Getting started in cycling? Here’s what I really, really wish I had known when I got started—maybe then I wouldn’t have spent the first 2 years riding in my gym shorts instead of finding comfortable bibs! If you’re not new to cycling, some of these may seem a little ‘duh,’ but a) that’s why they’re my Top 5, because they’re the most basic and important and b) we all need these reminders sometime. I’ll tackle other topics weekly, from base training and endurance riding to trail running—let me know if you have a topic you’d love to see my favorite tips and pieces of advice on! (You can see all the tips here, including the most recent one on nutrition.)
Spend the time finding the right saddle and fit
You don’t necessarily need a professional bike fit for this, but you should never just hop on a bike and assume that the fit is dialed in. Think about being able to just about fully extend your leg (without pointing your toes!) when the pedal is at the lowest point. (Most women tend to ride with their saddles way too low and this smashes your nether regions!) And don’t be afraid to try different saddles until you find the one that’s comfortable FOR YOU (not for anyone else). Riding shouldn’t hurt!
Need to learn more, or figure out how to deal with some awkward comfort issues? Check out Saddle, Sore: Ride Comfortable, Ride Happy!
Don’t be afraid of being a beginner
I just featured Rally UHC rider Heidi Franz on the Shred-Girls.com site talking about being a beginner and I loved it so much that it earned a spot here too: “To get started, from my experience, it’s just about having the right mentors to help you get over tough hurdles. It’s not embarrassing to be nervous about tackling something new! Being inexperienced is NOT a bad thing—you’re always going to be in that newbie stage at some point with any activity. And the more you do it, the easier it gets.”
Build slow + steady
Like most things in life, cycling was something I tried to rush into. It may be billed as a low impact activity by physical therapists, but when you’re trying to put in big miles on the road, shred trails on a mountain bike for the first time, or hop into a cyclocross race, it is NOT really that low impact. There are tons of free training plans out there (and I’ll plug Smart Athlete Coaching for great pre-made and custom plans) that can help you avoid going too hard, too long, too soon.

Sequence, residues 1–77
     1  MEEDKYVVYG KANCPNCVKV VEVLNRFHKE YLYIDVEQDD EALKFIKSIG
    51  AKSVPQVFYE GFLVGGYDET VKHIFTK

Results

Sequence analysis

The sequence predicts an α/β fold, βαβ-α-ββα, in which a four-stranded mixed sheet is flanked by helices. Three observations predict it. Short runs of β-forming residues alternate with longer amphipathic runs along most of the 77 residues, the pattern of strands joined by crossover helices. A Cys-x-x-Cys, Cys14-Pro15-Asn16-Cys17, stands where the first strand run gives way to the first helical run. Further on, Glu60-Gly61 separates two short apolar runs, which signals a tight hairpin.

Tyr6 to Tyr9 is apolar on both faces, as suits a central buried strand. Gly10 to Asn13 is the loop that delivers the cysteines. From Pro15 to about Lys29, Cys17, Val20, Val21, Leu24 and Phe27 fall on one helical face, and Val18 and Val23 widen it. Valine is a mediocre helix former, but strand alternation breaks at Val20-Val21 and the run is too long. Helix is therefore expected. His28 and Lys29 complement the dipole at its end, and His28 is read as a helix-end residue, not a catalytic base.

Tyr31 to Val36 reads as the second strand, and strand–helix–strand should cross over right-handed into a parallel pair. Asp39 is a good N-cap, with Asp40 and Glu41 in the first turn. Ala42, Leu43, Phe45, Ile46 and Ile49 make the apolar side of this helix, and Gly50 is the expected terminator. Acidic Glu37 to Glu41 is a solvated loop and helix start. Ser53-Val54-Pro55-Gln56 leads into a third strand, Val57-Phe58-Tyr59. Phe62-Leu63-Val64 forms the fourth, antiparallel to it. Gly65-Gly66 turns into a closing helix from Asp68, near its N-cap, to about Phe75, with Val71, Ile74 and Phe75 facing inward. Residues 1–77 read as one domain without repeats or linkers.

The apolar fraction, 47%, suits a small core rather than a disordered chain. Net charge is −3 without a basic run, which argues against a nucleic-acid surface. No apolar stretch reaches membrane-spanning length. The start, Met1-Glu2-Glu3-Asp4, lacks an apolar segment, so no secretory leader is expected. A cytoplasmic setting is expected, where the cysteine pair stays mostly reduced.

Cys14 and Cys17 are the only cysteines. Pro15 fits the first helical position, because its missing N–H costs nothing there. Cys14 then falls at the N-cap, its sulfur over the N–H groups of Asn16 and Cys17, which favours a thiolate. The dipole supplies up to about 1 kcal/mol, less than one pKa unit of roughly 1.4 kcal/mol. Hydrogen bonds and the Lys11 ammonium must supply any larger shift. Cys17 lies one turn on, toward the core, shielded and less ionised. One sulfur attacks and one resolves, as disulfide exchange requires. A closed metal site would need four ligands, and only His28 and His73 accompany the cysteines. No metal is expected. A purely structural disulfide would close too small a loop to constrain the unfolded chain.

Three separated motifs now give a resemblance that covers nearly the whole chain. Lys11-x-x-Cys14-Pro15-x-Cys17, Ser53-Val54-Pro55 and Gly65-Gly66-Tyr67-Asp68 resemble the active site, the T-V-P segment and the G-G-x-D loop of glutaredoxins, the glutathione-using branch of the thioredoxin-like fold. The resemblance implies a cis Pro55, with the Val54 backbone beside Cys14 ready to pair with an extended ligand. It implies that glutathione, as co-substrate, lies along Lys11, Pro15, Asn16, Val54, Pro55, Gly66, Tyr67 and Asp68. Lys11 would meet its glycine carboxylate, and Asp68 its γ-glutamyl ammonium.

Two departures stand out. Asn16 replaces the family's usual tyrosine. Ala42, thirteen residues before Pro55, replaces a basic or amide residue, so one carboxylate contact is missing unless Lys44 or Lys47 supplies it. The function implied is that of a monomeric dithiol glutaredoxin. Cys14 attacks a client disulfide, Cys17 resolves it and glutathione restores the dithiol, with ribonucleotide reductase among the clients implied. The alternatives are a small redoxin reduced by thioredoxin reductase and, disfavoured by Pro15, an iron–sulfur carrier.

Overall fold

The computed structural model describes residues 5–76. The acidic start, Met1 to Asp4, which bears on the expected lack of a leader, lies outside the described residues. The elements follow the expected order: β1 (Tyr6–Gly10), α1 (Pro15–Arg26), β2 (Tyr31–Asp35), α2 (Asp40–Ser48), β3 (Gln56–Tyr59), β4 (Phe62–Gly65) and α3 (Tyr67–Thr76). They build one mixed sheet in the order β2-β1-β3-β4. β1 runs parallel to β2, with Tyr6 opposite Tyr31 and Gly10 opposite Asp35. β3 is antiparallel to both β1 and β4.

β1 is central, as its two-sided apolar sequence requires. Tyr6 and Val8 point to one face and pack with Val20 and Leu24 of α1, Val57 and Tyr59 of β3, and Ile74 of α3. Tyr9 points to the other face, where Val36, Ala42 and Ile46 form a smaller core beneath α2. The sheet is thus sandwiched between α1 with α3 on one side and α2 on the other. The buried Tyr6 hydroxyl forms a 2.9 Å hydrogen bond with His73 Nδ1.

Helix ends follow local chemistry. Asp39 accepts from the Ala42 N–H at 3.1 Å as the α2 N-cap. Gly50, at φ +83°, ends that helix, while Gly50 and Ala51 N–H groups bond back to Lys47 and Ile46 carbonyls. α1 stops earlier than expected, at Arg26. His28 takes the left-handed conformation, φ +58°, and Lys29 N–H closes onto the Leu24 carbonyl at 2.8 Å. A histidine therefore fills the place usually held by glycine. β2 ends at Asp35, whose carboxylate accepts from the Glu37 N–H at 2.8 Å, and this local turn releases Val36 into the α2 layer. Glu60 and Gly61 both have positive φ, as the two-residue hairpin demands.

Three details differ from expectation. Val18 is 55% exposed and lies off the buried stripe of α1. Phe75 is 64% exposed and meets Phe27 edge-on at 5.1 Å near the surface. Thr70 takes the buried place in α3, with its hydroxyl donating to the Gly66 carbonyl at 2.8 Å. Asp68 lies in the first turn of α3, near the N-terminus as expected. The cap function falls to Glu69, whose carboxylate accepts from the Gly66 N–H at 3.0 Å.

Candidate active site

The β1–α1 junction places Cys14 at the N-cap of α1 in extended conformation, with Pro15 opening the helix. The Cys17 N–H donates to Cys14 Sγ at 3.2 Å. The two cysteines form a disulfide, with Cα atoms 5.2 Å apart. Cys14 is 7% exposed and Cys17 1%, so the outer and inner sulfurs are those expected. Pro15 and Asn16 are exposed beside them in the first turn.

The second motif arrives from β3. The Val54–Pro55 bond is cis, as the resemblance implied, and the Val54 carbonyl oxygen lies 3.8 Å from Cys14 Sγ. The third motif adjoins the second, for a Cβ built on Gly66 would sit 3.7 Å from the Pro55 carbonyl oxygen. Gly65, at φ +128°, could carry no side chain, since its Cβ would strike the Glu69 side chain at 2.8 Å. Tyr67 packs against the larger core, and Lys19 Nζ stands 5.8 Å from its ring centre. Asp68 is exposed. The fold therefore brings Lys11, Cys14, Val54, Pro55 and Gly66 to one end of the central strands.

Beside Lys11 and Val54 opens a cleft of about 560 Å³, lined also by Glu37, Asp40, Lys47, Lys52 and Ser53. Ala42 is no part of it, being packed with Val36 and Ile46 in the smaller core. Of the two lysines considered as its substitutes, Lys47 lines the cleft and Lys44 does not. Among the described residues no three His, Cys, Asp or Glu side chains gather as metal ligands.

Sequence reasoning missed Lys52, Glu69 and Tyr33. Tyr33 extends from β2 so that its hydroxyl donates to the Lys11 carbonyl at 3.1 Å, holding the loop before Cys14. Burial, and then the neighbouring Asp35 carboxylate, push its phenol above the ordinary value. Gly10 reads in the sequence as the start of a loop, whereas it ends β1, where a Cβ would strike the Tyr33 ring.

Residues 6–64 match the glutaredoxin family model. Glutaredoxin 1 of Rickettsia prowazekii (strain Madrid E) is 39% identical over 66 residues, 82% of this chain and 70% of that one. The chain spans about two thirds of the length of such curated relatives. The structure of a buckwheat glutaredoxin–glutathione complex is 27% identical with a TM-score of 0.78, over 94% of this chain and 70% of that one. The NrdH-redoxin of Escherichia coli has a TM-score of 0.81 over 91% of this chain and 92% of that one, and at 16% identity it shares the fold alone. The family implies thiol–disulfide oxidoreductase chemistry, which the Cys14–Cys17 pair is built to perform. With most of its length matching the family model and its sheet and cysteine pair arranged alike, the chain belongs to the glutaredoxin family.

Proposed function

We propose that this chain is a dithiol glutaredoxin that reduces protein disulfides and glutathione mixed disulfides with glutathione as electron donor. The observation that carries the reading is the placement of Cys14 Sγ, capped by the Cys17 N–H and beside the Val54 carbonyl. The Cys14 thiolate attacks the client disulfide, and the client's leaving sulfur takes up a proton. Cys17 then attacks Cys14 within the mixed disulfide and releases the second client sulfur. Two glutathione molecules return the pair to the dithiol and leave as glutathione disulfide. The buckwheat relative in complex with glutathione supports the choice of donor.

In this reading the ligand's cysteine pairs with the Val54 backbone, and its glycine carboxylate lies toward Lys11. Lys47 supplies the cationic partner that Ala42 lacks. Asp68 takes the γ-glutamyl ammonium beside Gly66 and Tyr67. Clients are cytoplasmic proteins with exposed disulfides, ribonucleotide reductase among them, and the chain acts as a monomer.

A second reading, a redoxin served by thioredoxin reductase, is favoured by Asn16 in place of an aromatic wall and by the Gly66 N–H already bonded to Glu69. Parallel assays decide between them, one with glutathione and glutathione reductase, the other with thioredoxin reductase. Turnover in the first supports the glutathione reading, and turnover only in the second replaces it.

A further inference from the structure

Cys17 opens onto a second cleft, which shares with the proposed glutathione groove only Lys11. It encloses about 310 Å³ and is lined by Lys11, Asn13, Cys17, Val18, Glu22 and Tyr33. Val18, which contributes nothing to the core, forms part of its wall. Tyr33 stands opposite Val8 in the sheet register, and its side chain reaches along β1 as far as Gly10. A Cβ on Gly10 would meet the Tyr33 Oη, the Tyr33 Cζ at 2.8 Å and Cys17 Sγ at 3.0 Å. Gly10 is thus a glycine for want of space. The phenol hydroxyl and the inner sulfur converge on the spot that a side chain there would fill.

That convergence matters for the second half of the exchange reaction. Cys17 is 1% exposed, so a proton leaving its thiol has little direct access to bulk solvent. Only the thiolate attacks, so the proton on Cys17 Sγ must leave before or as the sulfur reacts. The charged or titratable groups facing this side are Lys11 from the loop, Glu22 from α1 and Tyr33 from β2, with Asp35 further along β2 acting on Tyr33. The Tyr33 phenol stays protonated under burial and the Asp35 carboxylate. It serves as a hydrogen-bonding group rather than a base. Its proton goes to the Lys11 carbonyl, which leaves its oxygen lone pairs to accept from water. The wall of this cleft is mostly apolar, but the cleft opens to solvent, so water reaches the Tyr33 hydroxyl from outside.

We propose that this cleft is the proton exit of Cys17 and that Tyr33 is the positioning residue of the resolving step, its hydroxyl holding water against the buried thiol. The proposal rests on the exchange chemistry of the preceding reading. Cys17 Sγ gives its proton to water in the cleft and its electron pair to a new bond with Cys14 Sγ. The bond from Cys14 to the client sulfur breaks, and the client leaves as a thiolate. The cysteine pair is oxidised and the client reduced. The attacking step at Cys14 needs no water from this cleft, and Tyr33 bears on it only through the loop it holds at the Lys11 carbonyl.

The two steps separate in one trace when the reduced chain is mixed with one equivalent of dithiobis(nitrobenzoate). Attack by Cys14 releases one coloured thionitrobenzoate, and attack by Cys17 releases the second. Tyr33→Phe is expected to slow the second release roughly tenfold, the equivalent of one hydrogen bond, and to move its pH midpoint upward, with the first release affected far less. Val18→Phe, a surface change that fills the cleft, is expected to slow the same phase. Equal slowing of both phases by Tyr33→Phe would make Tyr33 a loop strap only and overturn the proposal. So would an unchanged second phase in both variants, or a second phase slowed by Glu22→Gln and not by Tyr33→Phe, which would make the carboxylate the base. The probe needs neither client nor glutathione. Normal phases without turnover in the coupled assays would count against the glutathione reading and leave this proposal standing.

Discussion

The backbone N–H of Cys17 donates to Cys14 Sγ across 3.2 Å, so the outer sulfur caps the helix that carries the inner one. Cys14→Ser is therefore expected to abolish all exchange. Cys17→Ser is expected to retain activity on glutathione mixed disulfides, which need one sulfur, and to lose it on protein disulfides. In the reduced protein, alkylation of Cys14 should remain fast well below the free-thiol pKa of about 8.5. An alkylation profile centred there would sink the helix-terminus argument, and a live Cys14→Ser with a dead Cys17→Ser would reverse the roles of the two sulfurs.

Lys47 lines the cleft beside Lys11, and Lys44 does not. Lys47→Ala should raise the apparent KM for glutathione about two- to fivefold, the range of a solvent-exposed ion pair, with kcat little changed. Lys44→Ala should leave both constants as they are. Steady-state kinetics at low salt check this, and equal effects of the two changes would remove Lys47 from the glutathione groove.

Fuel Your Ride
Not just because I wrote a book on it. I learned after coaching a few camps that eating and drinking enough while riding makes a huge difference… but the only reason I learned was because I knew when I was coaching, bonking wasn’t an option. Don’t wait until that point, start eating and drinking enough NOW. Nutrition needs vary from rider to rider, but around 200-400 calories per hour + a big water bottle is a rough starting point. And what works for someone else, like a certain type of gel, may not work for you. Experiment on casual rides, not in races!
Want more info? Check out my actual book, Fuel Your Ride!
Create a capsule wardrobe of the right pieces
You don’t need a huge cycling wardrobe: You need a cycling wardrobe where everything fits well. I tell people constantly, spend $180 on 1 pair of great bib shorts that feel awesome versus spending $60 on three crappy pairs of shorts. My key pieces:
- shoes (I use MTB shoes for road, cx and mtb… even when I race!)
- 2 pairs of bib shorts
- 2-3 short sleeve jerseys (you can go cheap on these, just make sure they fit well and feel comfortable. And I really recommend full-zip vs half)
- leg and arm-warmers
- medium gloves
- cold-weather gloves
- 2 pairs cycling socks
- rain coat (preferably one that can fit in a jersey pocket)
- optional: long sleeve jerseys are fantastic for shoulder seasons and look hella chic
- optional: a good merino wool baselayer is great in winter conditions, but you can honestly just do a jersey + armwarmers + vest + raincoat for almost any conditions